With the EU lagging behind countries such as South Korea and Japan on measures of connectivity, it is time to act. Even in undisputed global hubs, such as my own home-city of London, there are spots where it is impossible to get a decent mobile signal.
So how do we open the doors wider for more women to take their place in the industry and therefore influence the future? I don't have the absolute answer, but from my experience I have a few nuggets that I keep close in helping me keep on.
They're not in the slightest bit embarrassed about having huge global plans for their own business and believe they, as a nation, are in it together for the long haul. They have a collective social conscience and are determined to ensure India's growth benefits the many not just the few.
It's no secret that the demand for telecoms in India and other parts of the developing world is accelerating fast. According
UK telecoms companies are about to increase their fixed-line phone charges. Ten years ago this would have led to the technological equivalent of riots in the streets. It would have been front page news. But today? Nope. Hardly a squeak.
For the vast majority of people living in the West, when you think about smartphones just two brands immediately spring to mind: Apple and Samsung. But if you live anywhere outside Europe or America, then it's likely that your first thought is not either of these giants, but the Chinese smartphone brand, Xiaomi.
Ten years ago, in October 2004, there were 812m internet users worldwide - 12.7 per cent of the global population. The web had 50m sites; a Harvard student, Mark Zuckerberg, had just started Facebook, and Flickr had just been launched as a chat room for an online multiplayer game with real-time photo sharing.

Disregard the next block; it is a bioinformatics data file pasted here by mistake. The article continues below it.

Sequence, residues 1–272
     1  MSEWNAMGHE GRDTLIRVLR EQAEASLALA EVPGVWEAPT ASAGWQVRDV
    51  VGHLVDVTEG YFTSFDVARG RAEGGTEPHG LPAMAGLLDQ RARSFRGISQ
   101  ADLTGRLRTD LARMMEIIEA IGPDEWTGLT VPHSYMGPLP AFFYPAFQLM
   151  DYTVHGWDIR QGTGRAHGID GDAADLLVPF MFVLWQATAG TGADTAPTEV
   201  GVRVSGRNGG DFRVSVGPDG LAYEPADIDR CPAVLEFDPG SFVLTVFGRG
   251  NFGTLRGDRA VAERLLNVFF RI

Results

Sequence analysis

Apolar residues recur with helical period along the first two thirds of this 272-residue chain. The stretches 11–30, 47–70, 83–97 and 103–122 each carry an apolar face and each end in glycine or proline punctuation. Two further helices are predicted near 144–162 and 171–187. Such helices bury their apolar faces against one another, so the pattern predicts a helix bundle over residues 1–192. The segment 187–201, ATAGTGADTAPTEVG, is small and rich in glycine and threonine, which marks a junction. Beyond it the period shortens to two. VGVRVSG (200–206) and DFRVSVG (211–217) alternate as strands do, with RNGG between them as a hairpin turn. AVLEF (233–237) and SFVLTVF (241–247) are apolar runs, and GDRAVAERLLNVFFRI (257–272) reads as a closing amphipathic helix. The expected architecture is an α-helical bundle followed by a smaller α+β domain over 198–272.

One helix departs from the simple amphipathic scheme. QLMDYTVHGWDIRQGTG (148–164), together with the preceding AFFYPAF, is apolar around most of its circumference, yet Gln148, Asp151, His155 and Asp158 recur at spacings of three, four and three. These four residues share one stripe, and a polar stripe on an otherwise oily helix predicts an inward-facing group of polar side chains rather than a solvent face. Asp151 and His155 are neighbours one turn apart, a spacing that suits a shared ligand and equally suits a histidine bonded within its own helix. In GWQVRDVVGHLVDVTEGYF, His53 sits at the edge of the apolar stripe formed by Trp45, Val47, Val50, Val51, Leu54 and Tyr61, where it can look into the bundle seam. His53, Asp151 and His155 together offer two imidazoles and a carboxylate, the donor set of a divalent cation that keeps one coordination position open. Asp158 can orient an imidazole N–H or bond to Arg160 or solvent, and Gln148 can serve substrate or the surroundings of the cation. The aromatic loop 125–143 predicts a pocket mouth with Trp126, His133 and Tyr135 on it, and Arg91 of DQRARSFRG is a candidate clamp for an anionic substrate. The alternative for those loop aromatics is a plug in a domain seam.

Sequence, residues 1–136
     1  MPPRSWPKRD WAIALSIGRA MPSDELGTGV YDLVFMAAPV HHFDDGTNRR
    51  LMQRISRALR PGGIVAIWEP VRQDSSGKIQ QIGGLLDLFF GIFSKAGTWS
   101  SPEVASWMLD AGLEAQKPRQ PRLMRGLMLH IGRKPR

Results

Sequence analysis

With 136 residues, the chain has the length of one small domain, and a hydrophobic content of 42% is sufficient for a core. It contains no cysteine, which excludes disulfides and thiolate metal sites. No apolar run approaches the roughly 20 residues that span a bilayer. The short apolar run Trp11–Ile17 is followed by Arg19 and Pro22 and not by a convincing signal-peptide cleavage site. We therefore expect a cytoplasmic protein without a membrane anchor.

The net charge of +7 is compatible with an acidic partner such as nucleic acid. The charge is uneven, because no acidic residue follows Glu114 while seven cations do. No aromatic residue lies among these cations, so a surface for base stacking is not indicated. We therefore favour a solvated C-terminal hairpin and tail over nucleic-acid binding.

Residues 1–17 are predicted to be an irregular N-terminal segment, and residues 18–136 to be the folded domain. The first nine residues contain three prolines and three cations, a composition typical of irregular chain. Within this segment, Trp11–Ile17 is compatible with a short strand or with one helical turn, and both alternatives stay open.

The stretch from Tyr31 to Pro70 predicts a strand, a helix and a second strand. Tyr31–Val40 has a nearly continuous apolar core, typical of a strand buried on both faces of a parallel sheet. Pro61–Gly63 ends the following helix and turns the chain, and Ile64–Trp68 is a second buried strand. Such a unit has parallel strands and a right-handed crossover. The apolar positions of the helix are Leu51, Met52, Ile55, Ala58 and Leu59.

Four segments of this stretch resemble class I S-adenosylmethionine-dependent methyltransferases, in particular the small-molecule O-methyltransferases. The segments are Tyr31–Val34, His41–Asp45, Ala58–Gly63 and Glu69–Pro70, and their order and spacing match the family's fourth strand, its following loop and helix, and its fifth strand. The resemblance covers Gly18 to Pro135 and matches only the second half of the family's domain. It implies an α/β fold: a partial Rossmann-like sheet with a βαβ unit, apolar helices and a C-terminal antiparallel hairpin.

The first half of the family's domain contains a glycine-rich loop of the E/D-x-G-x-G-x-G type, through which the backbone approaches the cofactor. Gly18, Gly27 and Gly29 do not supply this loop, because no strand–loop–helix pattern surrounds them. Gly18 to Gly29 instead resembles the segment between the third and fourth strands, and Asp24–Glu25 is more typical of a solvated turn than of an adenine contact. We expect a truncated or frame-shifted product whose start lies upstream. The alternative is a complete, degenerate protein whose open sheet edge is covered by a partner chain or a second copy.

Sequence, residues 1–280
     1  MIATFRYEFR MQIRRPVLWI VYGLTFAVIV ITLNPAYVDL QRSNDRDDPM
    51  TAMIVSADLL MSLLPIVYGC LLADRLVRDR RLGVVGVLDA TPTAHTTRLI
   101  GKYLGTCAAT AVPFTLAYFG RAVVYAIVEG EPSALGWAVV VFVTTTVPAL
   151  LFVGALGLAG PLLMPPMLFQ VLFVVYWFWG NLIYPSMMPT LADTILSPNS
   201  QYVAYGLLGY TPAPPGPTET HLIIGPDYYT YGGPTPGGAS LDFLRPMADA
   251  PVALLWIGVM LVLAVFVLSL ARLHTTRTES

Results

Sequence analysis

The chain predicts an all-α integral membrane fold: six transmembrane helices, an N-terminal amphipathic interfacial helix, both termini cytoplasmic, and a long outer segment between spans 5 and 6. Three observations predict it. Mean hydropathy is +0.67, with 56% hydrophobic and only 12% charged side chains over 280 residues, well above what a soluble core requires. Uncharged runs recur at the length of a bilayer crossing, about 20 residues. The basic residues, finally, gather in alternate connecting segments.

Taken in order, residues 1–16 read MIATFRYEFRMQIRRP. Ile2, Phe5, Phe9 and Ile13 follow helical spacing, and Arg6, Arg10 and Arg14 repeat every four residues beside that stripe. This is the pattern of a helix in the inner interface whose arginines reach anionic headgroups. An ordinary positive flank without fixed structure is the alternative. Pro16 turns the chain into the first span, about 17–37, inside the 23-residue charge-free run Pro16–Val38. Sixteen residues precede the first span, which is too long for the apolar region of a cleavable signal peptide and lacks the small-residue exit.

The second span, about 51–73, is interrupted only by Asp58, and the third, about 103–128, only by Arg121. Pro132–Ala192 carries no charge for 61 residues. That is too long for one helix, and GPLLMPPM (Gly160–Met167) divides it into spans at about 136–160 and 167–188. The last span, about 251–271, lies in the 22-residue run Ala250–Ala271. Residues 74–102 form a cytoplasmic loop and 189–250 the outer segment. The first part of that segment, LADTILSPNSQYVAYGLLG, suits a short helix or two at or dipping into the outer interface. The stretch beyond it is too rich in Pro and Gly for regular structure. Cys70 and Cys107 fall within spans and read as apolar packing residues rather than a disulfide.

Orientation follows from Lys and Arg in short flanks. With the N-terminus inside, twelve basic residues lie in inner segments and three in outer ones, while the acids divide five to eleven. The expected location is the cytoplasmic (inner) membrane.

Thousands of people are finding themselves locked into unsuitable contracts or hit by cancellation fees when they try to switch, mid-contract, in order to get a better service... Frankly, if you're not getting the service you signed up for, why on earth should you keep paying for it?
Bangladesh needs to be open to the world, and in order to be so, it needs to live up to international standards in business and public life. Britain and the EU need to push Bangladesh to meet these standards; our government must make it clear that if the rule of law is not respected, there will be serious consequences.
Phone-hacking is wrong. Theft of private information is wrong. Illegally obtaining confidential personal data is wrong. But such awful behaviour was confined to the activities of a bunch of nasty newspapermen and a handful of unscrupulous private detectives, right? Anyway, it has now all been fully exposed and put a stop to by Lord Justice Leveson's Inquiry and the police investigations into the media, right? Wrong.